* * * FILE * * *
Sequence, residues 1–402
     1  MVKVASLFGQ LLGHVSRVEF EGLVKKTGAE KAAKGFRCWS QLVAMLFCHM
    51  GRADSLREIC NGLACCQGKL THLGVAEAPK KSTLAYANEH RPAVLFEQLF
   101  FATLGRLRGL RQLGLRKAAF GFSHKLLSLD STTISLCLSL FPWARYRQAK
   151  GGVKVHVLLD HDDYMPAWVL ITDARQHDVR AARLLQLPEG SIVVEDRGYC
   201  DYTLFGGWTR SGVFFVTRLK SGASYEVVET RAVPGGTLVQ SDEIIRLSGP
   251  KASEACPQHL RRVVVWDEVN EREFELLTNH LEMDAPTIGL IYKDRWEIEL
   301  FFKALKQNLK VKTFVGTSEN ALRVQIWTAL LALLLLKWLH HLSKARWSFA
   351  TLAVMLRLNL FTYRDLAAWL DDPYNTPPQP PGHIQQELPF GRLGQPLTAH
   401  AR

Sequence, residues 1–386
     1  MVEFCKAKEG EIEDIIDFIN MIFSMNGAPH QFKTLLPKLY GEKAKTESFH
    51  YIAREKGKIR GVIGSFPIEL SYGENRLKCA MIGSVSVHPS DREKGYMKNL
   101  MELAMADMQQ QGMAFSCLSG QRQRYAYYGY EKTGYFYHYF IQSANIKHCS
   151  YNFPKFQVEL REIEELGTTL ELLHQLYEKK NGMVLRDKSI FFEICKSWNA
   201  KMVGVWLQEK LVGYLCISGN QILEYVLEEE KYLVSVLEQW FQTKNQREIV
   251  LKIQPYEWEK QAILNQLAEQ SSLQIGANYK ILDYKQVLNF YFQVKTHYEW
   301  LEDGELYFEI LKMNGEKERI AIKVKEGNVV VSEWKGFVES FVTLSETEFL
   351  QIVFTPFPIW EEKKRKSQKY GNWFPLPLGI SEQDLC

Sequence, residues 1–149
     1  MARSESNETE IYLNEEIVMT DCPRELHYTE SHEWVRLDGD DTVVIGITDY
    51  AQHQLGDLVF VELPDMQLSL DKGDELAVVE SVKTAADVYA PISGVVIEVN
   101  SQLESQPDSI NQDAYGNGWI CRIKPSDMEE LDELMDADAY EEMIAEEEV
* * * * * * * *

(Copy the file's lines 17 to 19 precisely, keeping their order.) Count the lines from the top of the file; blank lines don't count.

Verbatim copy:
   251  LKIQPYEWEK QAILNQLAEQ SSLQIGANYK ILDYKQVLNF YFQVKTHYEW
   301  LEDGELYFEI LKMNGEKERI AIKVKEGNVV VSEWKGFVES FVTLSETEFL
   351  QIVFTPFPIW EEKKRKSQKY GNWFPLPLGI SEQDLC